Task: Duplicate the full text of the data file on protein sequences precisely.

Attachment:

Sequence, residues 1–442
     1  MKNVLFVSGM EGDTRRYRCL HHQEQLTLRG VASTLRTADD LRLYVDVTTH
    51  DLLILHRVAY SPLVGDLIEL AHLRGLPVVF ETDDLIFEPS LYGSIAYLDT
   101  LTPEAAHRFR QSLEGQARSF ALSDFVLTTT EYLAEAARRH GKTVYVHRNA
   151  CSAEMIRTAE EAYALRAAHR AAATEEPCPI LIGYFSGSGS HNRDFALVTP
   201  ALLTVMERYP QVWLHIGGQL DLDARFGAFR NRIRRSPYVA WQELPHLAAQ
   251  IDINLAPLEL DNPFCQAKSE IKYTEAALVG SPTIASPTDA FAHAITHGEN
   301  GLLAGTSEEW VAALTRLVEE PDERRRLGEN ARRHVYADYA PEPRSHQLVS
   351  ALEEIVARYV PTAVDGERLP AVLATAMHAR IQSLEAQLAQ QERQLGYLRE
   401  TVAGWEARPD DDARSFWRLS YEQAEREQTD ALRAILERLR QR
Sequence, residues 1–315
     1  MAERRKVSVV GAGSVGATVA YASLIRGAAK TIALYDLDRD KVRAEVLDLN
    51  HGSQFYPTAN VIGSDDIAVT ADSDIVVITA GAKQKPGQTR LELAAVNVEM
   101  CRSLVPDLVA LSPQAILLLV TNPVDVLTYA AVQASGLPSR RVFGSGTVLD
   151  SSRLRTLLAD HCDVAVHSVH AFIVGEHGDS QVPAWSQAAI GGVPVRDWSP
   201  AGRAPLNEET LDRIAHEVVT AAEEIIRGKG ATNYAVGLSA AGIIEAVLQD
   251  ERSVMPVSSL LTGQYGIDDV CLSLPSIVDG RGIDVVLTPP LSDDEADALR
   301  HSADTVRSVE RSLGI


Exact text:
Sequence, residues 1–442
     1  MKNVLFVSGM EGDTRRYRCL HHQEQLTLRG VASTLRTADD LRLYVDVTTH
    51  DLLILHRVAY SPLVGDLIEL AHLRGLPVVF ETDDLIFEPS LYGSIAYLDT
   101  LTPEAAHRFR QSLEGQARSF ALSDFVLTTT EYLAEAARRH GKTVYVHRNA
   151  CSAEMIRTAE EAYALRAAHR AAATEEPCPI LIGYFSGSGS HNRDFALVTP
   201  ALLTVMERYP QVWLHIGGQL DLDARFGAFR NRIRRSPYVA WQELPHLAAQ
   251  IDINLAPLEL DNPFCQAKSE IKYTEAALVG SPTIASPTDA FAHAITHGEN
   301  GLLAGTSEEW VAALTRLVEE PDERRRLGEN ARRHVYADYA PEPRSHQLVS
   351  ALEEIVARYV PTAVDGERLP AVLATAMHAR IQSLEAQLAQ QERQLGYLRE
   401  TVAGWEARPD DDARSFWRLS YEQAEREQTD ALRAILERLR QR
Sequence, residues 1–315
     1  MAERRKVSVV GAGSVGATVA YASLIRGAAK TIALYDLDRD KVRAEVLDLN
    51  HGSQFYPTAN VIGSDDIAVT ADSDIVVITA GAKQKPGQTR LELAAVNVEM
   101  CRSLVPDLVA LSPQAILLLV TNPVDVLTYA AVQASGLPSR RVFGSGTVLD
   151  SSRLRTLLAD HCDVAVHSVH AFIVGEHGDS QVPAWSQAAI GGVPVRDWSP
   201  AGRAPLNEET LDRIAHEVVT AAEEIIRGKG ATNYAVGLSA AGIIEAVLQD
   251  ERSVMPVSSL LTGQYGIDDV CLSLPSIVDG RGIDVVLTPP LSDDEADALR
   301  HSADTVRSVE RSLGI